There are only three real differences between my MFA and many PhD programs that I can see: most PhD programs require that you write some sort of scholarly supplement to your creative dissertation, most PhD programs require that you are fluent in at least one foreign language, and most PhD programs give you an extra year or two to write your book (while MFA programs require you to do all the coursework, take the exam, and write a full book at the same time, usually in a period of three years). Those differences seem pretty slight to me, and it doesn’t really seem like one degree has much intrinsic value over the other—the question, though, of whether one looks better on your CV than the other doesn’t necessarily have anything to do with the two degrees’ intrinsic value, though, so perhaps that’s all beside the point.
However, I think most hiring committees know that there isn’t really much difference between the two degrees, although I’m sure it’s true that some places lean more towards one or the other. In fact, I know that some MFA programs are most interested in having MFA’s teach for them because they don’t want to call their own degree into question. I imagine the same might be true for PhD hiring committees. And some places might figure it just looks better in general to have a doctorate over a master’s degree. Even so, when you look at job postings, creative writing faculty positions—whether for the graduate or undergraduate level—tend to make no clear distinction between the two degrees. What they seem most interested in is years of teaching experience and publication credits. Many of them require that you have at least one book published, whether you have an MFA or a PhD, and many of them are looking for people with a lot of experience teaching college English.
And it’s the experience issue, actually, that I think is causing the confusion over which degree hiring committees are generally looking for. If you compare two job candidates, both who just graduated from their respective programs, there will be a distinct difference in amount of experience between the MFA, who was probably only in school for three years, and the PhD, who probably went through a master’s program for a couple of years first, then spent four or five years in his or her PhD program. That means that if you’re just comparing fresh graduates, the PhD will have six or seven years teaching experience, while the MFA will only have three. That probably is something that will make the committees pay extra attention to the PhD.
However, this is kind of an unfair comparison. The person who earned his or her MFA can just as easily teach adjunct for those extra three or four years to build those teaching credentials, and will probably, at that point, be just as hirable as the new PhD graduate. Time-wise, there was actually no difference; both candidates took six or seven years to build up their CV’s. Financially, one or the other may have been living more comfortably during that extra three or four years, depending on how many classes the post-MFA adjunct was able to land per semester, and depending on what kind of stipend the PhD student earned. Either way, the two options are pretty comparable, if you ask me.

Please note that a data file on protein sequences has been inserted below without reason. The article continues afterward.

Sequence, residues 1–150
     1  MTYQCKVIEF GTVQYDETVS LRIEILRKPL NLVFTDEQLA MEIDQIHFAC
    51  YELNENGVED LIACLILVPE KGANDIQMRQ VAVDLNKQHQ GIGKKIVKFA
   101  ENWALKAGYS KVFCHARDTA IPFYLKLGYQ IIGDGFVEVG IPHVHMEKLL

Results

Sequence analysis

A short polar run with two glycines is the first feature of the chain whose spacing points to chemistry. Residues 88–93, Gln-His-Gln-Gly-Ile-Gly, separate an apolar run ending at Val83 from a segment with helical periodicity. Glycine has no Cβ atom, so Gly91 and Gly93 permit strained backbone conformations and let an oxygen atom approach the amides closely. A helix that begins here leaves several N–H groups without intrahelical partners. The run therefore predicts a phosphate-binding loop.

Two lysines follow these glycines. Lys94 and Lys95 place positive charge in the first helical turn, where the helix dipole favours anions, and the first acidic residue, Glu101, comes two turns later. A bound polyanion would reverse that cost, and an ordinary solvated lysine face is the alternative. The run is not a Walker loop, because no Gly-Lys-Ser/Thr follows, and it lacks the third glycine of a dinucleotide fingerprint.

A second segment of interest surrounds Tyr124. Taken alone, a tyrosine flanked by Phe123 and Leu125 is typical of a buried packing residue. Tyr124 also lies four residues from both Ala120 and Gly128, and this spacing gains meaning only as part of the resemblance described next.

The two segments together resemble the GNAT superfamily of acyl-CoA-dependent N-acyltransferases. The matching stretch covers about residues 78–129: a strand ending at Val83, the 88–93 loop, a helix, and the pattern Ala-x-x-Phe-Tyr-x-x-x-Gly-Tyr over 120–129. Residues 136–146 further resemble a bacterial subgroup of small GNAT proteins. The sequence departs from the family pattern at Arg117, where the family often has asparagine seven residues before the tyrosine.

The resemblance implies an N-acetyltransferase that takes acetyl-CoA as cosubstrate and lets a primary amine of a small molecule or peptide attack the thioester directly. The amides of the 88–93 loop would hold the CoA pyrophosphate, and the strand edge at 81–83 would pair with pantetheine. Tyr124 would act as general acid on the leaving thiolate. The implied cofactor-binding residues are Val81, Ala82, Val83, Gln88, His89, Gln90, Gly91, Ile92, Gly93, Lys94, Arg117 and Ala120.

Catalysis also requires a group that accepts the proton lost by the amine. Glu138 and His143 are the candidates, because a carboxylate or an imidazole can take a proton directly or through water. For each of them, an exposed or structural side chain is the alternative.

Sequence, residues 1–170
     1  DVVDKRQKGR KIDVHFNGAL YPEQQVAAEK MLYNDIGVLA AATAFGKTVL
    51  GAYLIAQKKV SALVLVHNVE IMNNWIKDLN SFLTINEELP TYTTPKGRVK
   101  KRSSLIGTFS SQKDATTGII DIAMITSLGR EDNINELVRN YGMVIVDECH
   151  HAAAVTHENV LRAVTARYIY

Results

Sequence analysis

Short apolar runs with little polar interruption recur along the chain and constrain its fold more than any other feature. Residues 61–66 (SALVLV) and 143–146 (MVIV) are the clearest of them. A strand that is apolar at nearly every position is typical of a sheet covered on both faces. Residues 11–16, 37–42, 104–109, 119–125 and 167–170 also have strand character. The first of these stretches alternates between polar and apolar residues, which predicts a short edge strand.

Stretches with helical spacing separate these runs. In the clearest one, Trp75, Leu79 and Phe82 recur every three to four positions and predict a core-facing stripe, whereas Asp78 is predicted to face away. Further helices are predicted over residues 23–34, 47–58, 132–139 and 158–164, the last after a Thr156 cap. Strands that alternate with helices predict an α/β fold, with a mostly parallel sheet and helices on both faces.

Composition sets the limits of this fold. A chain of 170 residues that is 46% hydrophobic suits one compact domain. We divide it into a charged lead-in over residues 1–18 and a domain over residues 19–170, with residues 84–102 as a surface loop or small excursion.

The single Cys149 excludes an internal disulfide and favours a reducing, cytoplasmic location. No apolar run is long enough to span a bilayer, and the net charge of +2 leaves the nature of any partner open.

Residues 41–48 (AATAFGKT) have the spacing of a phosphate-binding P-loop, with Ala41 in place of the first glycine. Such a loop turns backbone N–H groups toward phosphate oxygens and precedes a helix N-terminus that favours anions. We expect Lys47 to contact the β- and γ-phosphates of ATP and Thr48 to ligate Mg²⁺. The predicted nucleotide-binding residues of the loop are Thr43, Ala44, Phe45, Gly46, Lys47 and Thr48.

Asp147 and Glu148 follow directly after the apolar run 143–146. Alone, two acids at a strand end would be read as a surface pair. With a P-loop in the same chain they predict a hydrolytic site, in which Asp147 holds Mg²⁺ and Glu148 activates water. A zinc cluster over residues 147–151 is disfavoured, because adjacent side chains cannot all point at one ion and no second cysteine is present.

So then the most important factor in who is going to get hired seems to be publication credits, and for that, it really doesn’t matter whether you have an MFA or a PhD. All that matters is that your writing is good, you’re doing a lot of it, and you’re persevering and sending a lot of stuff out there. There are all kinds of other variables, too, which can make or break your chances at getting a job, none of which have anything to do with which degree you earned.
So it seems to me that it just doesn’t matter. Go to the program that seems to suit you the best. Go to the place where the faculty consists of writers you admire, or the place that offers you the best funding, or the place that seems to have the course offering that best matches your interests, or the place where you’ll be able to work for a good literary journal.
Whether you earn an MFA or a PhD, landing a tenure-track job is going to be very difficult. It’s competitive out there, and it seems that what matters more than anything is that you get a lot of teaching experience under your belt and that you publish. A lot. Preferably in big name venues and preferably at least one full book. I would worry way more about those things than which degree to earn. As long as you have a terminal degree, you’ve got the base credentials. Think about it, the degree itself is just one tiny part of your CV, and every single applicant will have one or the other of the two degrees. It’s the rest of your CV, really, that will allow you to set yourself apart from the other applicants.